Apple briefly became the first $900bn (€772bn) in the US on the day its stores around the world were inundated with customers trying to get their hands on the new iPhone X.
Demand for the handset, which boasts a facial recognition system, an edge-to-edge display, and a price tag starting at $999 (€857), has prompted Apple to predict record sales of at least $84bn in the Christmas quarter. The shares gained as much as 3.7% to $174.26, briefly tipping Apple’s market capitalisation above $900bn.
“Apple is taking the iPhone franchise to a whole new level with the iPhone X, pushing the company deep into the ultra-luxury smartphone market with the highest priced iPhone in the company’s history,” Drexel Hamilton analyst Brian White wrote in a note to clients. “We believe Apple has attractive upside over the next 12 months,” he said.
Apple shares have climbed almost 50% this year on expectations for the iPhone X, which comes 10 years after the original iPhone was released. Even with those gains and the record valuation, Apple still trades at 19 times earnings. That’s a discount to Google parent Alphabet, which trades at 31 times earnings, Netflix, which trades at 200 times earnings, and Amazon’s 277 price-to-earnings multiple.
Hank Smith, chief investment officer at Haverford Trust, said that unlike those other companies, Apple has to convince consumers to buy a new phone annually. “They have to sell millions of phones each year, so there’s always a chance those sales can come in late,” he said.
Queues formed outside Apple stores across the world as fans flocked to buy the new iPhone X, signalling stronger demand than the last two versions. Investors and analysts took the surge of interest, alongside a better-than-expected sales forecast as positive signs. In Australia, around 400 people queued outside Apple’s main store in central Sydney to pay $1,218 for the new phone. Just 30 had turned up for the September release of the iPhone 8, an incremental update of the iPhone 7. In Apple’s Omotesando store in Tokyo, 550 people were waiting in line.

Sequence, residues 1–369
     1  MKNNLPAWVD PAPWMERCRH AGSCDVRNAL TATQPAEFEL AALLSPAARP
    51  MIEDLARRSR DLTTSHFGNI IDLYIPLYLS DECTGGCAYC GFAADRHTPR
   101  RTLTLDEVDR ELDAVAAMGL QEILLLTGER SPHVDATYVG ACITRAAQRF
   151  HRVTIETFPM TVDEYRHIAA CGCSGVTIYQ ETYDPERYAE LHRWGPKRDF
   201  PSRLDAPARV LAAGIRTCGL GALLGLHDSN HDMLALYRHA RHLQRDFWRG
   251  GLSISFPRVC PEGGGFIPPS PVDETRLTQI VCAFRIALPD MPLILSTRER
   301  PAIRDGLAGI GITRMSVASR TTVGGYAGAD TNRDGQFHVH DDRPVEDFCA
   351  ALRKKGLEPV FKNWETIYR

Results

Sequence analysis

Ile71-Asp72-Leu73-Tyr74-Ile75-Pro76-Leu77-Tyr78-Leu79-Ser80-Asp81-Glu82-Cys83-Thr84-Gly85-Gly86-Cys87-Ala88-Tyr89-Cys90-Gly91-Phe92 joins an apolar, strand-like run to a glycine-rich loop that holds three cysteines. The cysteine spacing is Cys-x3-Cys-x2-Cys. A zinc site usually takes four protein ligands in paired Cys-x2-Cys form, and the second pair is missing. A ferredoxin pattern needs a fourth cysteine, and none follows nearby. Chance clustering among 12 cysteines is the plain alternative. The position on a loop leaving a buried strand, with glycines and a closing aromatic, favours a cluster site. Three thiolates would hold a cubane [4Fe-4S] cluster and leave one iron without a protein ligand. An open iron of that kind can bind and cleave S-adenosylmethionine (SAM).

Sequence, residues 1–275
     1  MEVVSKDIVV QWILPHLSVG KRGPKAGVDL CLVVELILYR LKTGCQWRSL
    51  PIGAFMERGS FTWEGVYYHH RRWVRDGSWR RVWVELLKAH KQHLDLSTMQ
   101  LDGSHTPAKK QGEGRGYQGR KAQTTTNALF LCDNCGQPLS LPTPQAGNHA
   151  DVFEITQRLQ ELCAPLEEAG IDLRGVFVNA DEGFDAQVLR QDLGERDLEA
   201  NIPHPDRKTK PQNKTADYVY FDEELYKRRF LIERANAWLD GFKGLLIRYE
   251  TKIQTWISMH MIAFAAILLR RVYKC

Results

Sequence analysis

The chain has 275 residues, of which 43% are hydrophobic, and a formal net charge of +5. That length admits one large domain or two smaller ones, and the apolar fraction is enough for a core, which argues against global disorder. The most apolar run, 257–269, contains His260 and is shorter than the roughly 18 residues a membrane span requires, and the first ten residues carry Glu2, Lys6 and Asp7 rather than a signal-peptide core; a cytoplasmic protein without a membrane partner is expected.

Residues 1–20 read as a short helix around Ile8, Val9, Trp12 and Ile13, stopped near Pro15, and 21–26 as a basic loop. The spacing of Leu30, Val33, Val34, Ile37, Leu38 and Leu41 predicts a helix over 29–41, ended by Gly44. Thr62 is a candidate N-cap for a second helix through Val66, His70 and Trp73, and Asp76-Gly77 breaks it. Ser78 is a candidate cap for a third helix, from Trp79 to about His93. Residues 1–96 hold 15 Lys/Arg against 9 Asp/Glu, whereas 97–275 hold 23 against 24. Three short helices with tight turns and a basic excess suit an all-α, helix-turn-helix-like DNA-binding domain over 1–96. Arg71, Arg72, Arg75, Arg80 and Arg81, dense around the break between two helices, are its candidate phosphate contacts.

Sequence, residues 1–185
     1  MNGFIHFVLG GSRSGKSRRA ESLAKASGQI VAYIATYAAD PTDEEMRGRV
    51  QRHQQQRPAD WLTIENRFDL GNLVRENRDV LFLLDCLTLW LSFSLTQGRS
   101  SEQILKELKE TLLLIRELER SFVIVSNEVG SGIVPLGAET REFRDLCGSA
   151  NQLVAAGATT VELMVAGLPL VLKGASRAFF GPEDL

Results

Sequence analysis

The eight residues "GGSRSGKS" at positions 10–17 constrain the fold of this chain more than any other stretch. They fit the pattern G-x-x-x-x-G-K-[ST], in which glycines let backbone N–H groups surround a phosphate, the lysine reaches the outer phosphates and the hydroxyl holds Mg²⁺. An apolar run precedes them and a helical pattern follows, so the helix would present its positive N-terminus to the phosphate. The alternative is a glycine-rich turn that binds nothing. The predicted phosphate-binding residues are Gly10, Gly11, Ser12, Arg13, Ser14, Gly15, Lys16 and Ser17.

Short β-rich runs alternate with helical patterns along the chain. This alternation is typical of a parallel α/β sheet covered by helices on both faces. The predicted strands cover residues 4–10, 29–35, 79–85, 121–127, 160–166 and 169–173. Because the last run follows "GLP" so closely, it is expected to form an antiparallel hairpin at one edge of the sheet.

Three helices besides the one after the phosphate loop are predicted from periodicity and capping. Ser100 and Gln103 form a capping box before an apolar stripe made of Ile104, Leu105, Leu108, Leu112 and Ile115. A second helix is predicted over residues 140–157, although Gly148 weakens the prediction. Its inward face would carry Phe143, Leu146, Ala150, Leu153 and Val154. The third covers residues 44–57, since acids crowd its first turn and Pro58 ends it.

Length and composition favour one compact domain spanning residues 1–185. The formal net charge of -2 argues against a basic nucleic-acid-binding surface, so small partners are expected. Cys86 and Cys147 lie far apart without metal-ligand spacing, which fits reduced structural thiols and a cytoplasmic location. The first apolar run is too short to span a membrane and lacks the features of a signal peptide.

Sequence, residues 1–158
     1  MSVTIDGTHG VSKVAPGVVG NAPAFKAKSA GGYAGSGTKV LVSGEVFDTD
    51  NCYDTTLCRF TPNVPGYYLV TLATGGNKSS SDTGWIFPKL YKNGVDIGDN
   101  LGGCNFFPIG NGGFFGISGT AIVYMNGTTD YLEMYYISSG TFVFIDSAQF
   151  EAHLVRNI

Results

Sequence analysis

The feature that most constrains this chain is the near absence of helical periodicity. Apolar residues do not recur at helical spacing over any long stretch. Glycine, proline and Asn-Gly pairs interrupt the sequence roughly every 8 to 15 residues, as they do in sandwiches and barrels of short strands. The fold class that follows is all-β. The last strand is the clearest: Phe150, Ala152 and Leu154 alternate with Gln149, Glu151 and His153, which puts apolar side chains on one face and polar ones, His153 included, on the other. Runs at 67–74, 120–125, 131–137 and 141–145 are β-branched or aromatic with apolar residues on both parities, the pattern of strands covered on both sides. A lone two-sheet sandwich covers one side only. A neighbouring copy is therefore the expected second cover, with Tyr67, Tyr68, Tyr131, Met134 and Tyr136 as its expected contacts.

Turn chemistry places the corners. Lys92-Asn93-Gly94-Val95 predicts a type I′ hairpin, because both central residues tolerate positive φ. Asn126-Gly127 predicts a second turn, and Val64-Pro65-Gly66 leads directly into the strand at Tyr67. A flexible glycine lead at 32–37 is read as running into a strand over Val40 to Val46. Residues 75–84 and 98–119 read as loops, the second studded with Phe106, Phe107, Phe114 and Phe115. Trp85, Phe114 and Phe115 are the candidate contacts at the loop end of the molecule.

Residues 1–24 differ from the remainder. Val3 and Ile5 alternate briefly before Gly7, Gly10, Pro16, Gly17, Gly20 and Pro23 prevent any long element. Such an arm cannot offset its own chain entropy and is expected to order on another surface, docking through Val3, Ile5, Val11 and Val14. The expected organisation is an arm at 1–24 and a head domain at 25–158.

In Europe, Apple stores in Amsterdam, Berlin and London saw lines of several hundred fans, while smaller, more subdued crowds were observed at stores in Frankfurt and Paris.
In Hong Kong, newly purchased iPhone X phones were reselling for $1,512 soon after sales began, but the price quickly fell, a trader told Reuters. In mainland China — where Hong Kong traders often sell newly purchased goods — the anniversary model’s starting price is $1,267.
The rush of interest in the new phone came after Apple issued an upbeat sales forecast for the year-end US shopping season this week. The queues signalled the company was “on track for a pretty good replacement cycle” said Edison Investment Research analyst Richard Windsor, but he questioned whether the new model sales will be as large as prior iPhone upgrade cycles.
“We do not think that the iPhone X will offer a cycle nearly as big as the iPhone 6 and my concern is that this is what the market is looking for,” said Mr Windsor. Supported by resurgent iPad and Mac sales, the 10-year anniversary iPhone will help push revenue to a record high of $84bn to $87bn in the quarter ending in late December, Apple said earlier this week
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